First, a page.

However, in many cases they seem to be used interchangeably when implying that something is made of wood. They do not seem to be particularly confusing there. I guess this just shows that users generally tend to simplify their native language. However incorrect this may at first be, it probably just shows that every language is an evolving organism.
I came here to find out what was going on, why “wooden” seems to be disappearing. People speak of wood dolls, wood handles, etc., meaning “made of wood” and it irks me to no end. A wood shed, is to me, a place for storing wood, usually logs to burn. A wooden shed, on the other hand, is a shed of any purpose made of wood.
The fact that the other -en adjectives have fallen out of use bothers me much less. Probably because the materials in question, flax, lead, brass or even oak, are less common in our environments. Most everything is made of plastic or resin, ceramic, metal, glass, concrete or unrecognizable forms of wood. I didn’t even know that “oaken” and “waxen” were words or that “brazen” referred to anything other than a brash manner. As for “flaxen” and “silken”, I’ve never seen them modify anything but hair and they sound poeticky not poetic. “Ashen” is another case, for me, not associated with any particular noun and it doesn’t strike me as precious, though I’m not sure I’d ever use it.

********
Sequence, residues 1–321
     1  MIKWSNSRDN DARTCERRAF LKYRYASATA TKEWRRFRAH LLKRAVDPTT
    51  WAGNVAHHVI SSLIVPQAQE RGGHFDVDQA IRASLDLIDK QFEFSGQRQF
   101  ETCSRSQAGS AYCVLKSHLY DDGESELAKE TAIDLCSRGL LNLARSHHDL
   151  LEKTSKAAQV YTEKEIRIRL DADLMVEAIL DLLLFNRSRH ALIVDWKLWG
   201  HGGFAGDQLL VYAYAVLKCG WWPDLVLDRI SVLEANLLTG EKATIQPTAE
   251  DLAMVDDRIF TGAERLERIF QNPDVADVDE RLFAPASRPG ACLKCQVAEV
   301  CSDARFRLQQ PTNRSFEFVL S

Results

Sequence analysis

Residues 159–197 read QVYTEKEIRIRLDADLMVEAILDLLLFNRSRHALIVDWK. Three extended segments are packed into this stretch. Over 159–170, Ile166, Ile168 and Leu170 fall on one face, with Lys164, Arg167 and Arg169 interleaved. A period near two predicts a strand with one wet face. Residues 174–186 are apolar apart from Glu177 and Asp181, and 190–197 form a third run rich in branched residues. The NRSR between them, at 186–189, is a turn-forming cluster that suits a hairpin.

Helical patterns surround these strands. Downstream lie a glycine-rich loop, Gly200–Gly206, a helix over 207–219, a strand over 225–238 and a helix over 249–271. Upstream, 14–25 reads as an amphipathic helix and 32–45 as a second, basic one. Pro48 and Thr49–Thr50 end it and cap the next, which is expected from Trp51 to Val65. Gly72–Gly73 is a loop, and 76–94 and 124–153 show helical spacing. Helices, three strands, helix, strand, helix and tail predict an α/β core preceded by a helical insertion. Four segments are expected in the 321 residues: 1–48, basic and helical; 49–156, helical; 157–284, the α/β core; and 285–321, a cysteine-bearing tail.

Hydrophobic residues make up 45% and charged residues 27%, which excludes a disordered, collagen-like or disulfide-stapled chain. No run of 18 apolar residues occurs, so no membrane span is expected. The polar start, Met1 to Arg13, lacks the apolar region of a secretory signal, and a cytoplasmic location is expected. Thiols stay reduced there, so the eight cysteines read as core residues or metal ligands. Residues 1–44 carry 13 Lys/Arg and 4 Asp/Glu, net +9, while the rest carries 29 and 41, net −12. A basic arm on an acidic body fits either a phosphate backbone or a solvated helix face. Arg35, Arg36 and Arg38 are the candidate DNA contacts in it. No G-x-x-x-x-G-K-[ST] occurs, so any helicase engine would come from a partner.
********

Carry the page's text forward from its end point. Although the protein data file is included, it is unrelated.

“Golden” I use, like another commenter, as a color adjective, interchangeably with gold-colored.
I regret the loss of “wooden” and believe I will say “wooden box” and “wooden bead” and “wooden house” ’till the day I die. I also use “woolens” in the plural for the wool garments I possess. And I am wondering what the case of “linen” is. Was there ever a noun, “lin”, for which “linen” was the adjective?
Yes, “linen” began as an adjective. The OED shows an example of “lin” as a noun in an Old English citation. The French word for “linen” is “lin,” from Latin “linum.” The more common spelling in English for the noun was “line” or “lyne,” from which came the adjective “linen.”
Enjoyed your comment.